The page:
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Issue # 1426      2 September 2009

Govt accused over jail deaths report

Advocates for South Australia’s Anangu Pitjantjatjara Yankunytjatjara (APY) Lands say the SA government is stalling on the release of a report on its performance in implementing black deaths in custody recommendations.

Jonathan Nicholls, of Uniting Care Wesley Adelaide, said the government announced in January 2005 that it would conduct a “government-wide review” of efforts to implement the recommendations of the 1991 Royal Commission into Aboriginal Deaths in Custody (RCIADIC), and promised to “introduce a systematic and ongoing reporting process”.

However, Mr Nicholls said the government had yet to fulfil either commitment, long urged by the SA Coroner.

He said Premier Mike Rann was Aboriginal Affairs Minister when the RCIADIC recommendations were handed down, but he had “dropped the ball” on the issue, and current Minister Jay Weatherill had not responded to requests for clarification on whether the review had started and when it would be completed.

Mr Weatherill referred Koori Mail inquiries to Corrections Minister Tom Koutsantonis, who declined to say what recommendations had been implemented.

Mr Koutsantonis took up the Corrections portfolio after quitting the road safety portfolio in April when he divulged that he had 60 unpaid traffic fines, some of those incurred while driving a ministerial vehicle. His licence had been suspended for non-payment three times, and in 2005 he was put on a 12-month good behaviour agreement.

Ironically, a significant proportion of Aboriginal inmates are in jail for non-payment of fines and traffic offences.

Mr Koutsan-tonis said the department “continues to modify infrastructure to remove potential hanging points” and the majority of the recommendations had been “addressed”. But he did not supply a copy of the report on the review, or confirm its existence.

The Minister said he was “pleased to advise all new cells meet safe cell specifications and there has not been an intentional Aboriginal death in custody since 2003”.

However, there were three hanging deaths of non-Indigenous people the following year and subsequent prison deaths due to other causes since that time.

Shadow Minister for Health and Aboriginal Affairs Duncan McFetridge is demanding government accountability on adherence to the recommendations and observance of human rights for the growing number of Aboriginal people in custody.

“Why the government is being as difficult to deal with as it is over such an important issue, I don’t understand,” he said. “I can only conclude they’ve put it in the too-hard basket and failed to act on the recommendations, because if they’d done it, they’d be trying to grab a headline on it.”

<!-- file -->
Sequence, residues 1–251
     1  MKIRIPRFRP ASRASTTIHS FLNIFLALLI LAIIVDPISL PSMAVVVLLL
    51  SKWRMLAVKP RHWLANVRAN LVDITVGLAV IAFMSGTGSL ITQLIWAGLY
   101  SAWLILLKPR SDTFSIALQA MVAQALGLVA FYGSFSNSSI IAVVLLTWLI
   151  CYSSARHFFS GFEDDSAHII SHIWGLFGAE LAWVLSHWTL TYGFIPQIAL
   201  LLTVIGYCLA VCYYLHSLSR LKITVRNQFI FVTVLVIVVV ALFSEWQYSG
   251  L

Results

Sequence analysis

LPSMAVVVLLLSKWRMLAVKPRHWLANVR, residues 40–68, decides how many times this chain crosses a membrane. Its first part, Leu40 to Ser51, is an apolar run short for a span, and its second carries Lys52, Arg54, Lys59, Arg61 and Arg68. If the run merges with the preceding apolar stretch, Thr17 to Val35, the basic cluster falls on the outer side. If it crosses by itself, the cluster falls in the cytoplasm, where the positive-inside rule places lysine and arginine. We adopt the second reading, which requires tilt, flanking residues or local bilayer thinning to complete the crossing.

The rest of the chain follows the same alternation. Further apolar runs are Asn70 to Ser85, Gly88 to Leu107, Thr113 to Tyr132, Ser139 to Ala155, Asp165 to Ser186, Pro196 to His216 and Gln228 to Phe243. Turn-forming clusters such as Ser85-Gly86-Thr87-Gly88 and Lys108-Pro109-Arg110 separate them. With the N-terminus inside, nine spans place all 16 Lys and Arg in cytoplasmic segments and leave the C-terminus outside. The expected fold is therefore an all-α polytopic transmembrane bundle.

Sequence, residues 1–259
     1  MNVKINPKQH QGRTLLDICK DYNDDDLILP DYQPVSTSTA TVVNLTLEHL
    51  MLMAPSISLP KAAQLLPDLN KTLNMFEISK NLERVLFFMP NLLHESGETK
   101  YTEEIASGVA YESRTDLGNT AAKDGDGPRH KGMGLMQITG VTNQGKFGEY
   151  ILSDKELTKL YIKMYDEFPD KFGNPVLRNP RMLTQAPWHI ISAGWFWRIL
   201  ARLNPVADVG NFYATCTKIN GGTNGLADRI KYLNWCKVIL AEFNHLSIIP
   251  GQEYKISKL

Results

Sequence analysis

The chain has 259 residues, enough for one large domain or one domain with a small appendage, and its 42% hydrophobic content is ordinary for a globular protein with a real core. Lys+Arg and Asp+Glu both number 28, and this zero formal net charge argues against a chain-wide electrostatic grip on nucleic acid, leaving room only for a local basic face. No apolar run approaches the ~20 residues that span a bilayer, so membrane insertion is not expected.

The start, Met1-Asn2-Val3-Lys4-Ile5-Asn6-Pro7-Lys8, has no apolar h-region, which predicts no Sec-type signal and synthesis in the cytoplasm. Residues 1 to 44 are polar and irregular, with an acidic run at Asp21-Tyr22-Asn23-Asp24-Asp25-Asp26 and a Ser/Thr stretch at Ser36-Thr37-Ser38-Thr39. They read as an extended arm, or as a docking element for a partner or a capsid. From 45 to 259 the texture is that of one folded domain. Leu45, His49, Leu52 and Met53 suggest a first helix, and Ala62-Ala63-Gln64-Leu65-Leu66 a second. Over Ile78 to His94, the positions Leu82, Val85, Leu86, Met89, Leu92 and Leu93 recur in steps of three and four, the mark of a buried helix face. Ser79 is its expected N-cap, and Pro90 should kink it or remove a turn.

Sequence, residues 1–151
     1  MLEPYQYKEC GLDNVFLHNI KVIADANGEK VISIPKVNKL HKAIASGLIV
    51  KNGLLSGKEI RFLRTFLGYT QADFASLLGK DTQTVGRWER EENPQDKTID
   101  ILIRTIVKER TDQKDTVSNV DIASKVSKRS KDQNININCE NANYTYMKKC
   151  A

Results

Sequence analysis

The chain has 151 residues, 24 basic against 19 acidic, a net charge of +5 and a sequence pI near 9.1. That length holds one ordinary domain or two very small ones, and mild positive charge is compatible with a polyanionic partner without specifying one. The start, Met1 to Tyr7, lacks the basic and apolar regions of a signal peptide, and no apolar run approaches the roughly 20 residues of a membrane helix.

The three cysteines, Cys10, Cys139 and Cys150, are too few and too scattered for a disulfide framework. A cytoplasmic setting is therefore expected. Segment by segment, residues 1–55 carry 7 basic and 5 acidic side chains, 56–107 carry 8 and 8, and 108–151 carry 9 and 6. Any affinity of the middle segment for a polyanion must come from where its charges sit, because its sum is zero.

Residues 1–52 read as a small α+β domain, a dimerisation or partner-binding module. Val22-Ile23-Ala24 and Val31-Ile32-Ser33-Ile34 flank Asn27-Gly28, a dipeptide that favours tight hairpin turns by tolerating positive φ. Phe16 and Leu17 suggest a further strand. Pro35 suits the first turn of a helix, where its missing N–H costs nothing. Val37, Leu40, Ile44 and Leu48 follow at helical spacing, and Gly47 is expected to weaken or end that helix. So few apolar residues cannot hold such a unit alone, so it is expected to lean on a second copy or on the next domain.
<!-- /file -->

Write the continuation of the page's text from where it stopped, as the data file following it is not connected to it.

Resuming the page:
In SA, although Aboriginal people comprise less than two per cent of the general population they account for more than 22 percent of the male prison population, and 68 percent of juveniles in detention.

Dr McFetridge said the government had admitted its own failure when its Social Inclusion Minister suggested that jail might be the only way to quell the activities of the so-called “Gang of 49”, a group of youths blamed for serial offending.

Reducing Aboriginal recidivism is a key target of recent SA justice strategies, and earlier this year the operations of the Nunga Court were expanded to regional South Australia, to focus on rehabilitation programs, incorporating spiritual healing programs and appointing 11 Aboriginal liaison officers.

An Aboriginal unit was opened in July at Port Augusta Prison to redress recidivism rates and provide culturally appropriate detention and programs.

It has been suggested that the unit’s position – facing the Flinders Ranges – could be more comforting to those held off-country.

However, Jonathan Nicholls said the recommendations were broader than an increased and enhanced provision of cells and facilities could provide.

Dr McFetridge said the opening of a culturally specific unit was good, but not enough to address escalating drug use, the shortfall in health care for the high number of Indigenous prisoners, and the need for greater post-release support services and accommodation.

Inmates at Port Augusta Prison attracted international media attention last October when they staged a riot and roof-top protest, demanding an end to lockdowns and alleged bashings by guards.

Impetus to implement the commission recommendations grew after inquest findings into four deaths on the APY Lands in 2005. Then-State Coroner Wayne Chivell also recommended the federal and SA governments assess the degree to which the recommendations of the Royal Commission had “still not been implemented”.

The Koori Mail

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